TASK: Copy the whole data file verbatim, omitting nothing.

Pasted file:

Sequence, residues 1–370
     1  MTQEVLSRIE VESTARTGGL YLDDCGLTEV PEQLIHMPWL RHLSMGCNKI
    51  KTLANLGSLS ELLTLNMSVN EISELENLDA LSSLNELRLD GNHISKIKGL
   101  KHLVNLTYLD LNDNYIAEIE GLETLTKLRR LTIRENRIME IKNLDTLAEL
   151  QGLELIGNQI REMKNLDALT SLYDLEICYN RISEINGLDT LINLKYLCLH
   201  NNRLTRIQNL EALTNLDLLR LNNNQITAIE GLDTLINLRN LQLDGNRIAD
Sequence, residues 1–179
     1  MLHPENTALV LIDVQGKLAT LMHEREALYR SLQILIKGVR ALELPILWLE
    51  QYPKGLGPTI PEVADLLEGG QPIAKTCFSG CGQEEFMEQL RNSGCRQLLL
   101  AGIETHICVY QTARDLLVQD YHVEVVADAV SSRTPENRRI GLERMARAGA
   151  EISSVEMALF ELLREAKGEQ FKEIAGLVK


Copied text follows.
Sequence, residues 1–370
     1  MTQEVLSRIE VESTARTGGL YLDDCGLTEV PEQLIHMPWL RHLSMGCNKI
    51  KTLANLGSLS ELLTLNMSVN EISELENLDA LSSLNELRLD GNHISKIKGL
   101  KHLVNLTYLD LNDNYIAEIE GLETLTKLRR LTIRENRIME IKNLDTLAEL
   151  QGLELIGNQI REMKNLDALT SLYDLEICYN RISEINGLDT LINLKYLCLH
   201  NNRLTRIQNL EALTNLDLLR LNNNQITAIE GLDTLINLRN LQLDGNRIAD
Sequence, residues 1–179
     1  MLHPENTALV LIDVQGKLAT LMHEREALYR SLQILIKGVR ALELPILWLE
    51  QYPKGLGPTI PEVADLLEGG QPIAKTCFSG CGQEEFMEQL RNSGCRQLLL
   101  AGIETHICVY QTARDLLVQD YHVEVVADAV SSRTPENRRI GLERMARAGA
   151  EISSVEMALF ELLREAKGEQ FKEIAGLVK